Turning Stones - George McKale


Mother-in-law killed in dental chair

Dr. Galen Burdell, a noted Marin County dentist, accidentally killed his mother-in-law, Mrs. James Black. The year was 1864. Let’s start at the beginning.

The scene is what is now Olompali State Historic Park, located between Novato and Petaluma on Highway 101. In 1843, Mariano Vallejo granted Camilo Ynitia 8,900 acres of land that included Olompali. Ynitia, born in 1803, was most likely brought into this world at the Coast Miwok village, Olompali, where his father constructed an adobe building.

In 1852, Ynitia sold most of his land to James Black for $5,200, retaining 1,480 acres. Black held a position as the Marin County Assessor in 1853 and was well respected throughout the territory.  He married Maria Augustine Saiz in 1843 and had two children, one of which was named Mary.

Young Mary, in 1863, married well-known dentist, Dr. Galen Burdell. Burdell had made his way to San Francisco the “long way around”, but first spent time in Brazil honing his trade. Though trained in dentistry in the “big apple”, he was lured by the gold rush in California.  Burdell worked as a surgeon on the ship Dunsbury which was making it’s way to the “city by the bay.” Burdell had invented a popular tooth powder sold in pharmacies throughout the Bay Area.

The wedding between the two was sensational. Love was in the air on that brisk October 6 day.  Mary’s father, James Black was so proud that he gave the Olompali lands to Mary as a wedding gift. Within a few short months, a sinister, sad, horrible twist of fate was to occur. Black’s wife, Maria Saiz, was having one of those agonizing tooth aches, so she solicited the help of her son-in-law, Galen.  Maria died on February 23, 1864, while Galen administered anesthesia.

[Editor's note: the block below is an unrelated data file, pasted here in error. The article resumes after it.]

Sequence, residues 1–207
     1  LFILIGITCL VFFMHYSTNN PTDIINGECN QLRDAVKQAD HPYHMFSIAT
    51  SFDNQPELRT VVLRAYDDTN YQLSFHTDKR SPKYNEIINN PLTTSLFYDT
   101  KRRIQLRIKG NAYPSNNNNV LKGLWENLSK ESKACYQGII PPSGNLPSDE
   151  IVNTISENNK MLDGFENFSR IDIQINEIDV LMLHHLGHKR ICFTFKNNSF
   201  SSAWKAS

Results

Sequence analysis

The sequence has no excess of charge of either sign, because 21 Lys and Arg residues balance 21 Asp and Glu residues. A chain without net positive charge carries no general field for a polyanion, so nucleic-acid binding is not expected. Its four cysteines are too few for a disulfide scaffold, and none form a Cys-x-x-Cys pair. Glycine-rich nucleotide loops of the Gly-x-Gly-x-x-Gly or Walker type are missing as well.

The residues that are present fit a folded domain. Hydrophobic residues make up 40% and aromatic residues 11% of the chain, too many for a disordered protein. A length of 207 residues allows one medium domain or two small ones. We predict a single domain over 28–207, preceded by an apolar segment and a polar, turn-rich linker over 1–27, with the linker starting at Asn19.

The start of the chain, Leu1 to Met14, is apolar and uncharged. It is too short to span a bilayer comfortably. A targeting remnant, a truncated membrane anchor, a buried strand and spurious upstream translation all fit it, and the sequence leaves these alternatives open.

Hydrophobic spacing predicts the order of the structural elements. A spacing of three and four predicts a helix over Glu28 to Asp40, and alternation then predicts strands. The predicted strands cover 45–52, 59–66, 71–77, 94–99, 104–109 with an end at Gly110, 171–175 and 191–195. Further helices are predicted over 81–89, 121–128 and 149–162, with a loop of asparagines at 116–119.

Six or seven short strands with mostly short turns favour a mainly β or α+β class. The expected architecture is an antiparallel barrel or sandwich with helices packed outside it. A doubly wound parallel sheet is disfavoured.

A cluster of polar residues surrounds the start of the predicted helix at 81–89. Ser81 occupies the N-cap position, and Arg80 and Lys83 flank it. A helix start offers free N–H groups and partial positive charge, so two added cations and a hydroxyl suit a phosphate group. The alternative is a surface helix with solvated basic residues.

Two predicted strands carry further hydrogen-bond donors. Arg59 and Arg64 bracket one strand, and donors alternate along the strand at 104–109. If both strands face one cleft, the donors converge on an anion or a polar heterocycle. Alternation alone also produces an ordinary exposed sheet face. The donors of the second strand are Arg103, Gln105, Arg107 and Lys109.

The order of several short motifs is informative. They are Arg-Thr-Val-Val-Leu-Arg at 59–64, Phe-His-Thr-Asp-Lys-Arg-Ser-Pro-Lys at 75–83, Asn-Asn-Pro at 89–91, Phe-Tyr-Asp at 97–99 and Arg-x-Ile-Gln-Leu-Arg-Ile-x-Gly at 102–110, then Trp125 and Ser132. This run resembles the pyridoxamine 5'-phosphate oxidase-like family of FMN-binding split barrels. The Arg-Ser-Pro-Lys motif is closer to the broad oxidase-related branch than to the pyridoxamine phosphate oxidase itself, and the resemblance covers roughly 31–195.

Black remarried a year later, but was still rather distraught over the death of his wife Maria.  According to reports, he took to the bottle.  Mary and Galen were expecting and, as the story goes, this infuriated James Black. After his death in 1870, daughter Mary learned that she had been disinherited.

Black used to love riding over his property with his many horses, but since the dental chair debacle, continued to ride, only with an elevated blood alcohol content.  In 1869 he took a bad fall at the base of his skull.  Though he lived, he died a year later “in convulsions so terrible an onlooker thought he had been poisoned.”

Upon Black’s death, Dr. Burdell attended the reading of the will at what was known as the Pacheco House. The news of being disinherited hit Mary hard, and Dr. Burdell arranged for another reading at a hotel room in San Rafael. An attorney came in and read the will to Mary, so that she could hear the bad news first hand.  Once the attorney left the room, Mary reportedly grabbed the will and bit off her father’s signature, swallowing the evidence. Mary was arrested for the act of vandalism and the San Francisco newspapers had a field day with the story.

Mary hired three attorneys and filed a suit to contest the will.  Her defense was quite simple, that her father’s drinking had influenced his decision to cut her out of the will.  Mary requested a trial and won the case.

Please note, I have not made any mother-in-law jokes. Though I see the advantages of being sound asleep while having a root canal, I always prefer a little shot of Novocain, which pretty much ensures that both eyes will be kept open, both during and after the procedure. Besides, when you have a dentist as gentle as mine…

One Response to Mother-in-law killed in dental chair

  1. Fred says:

    This was fascinating! Thanks for sharing this piece of history!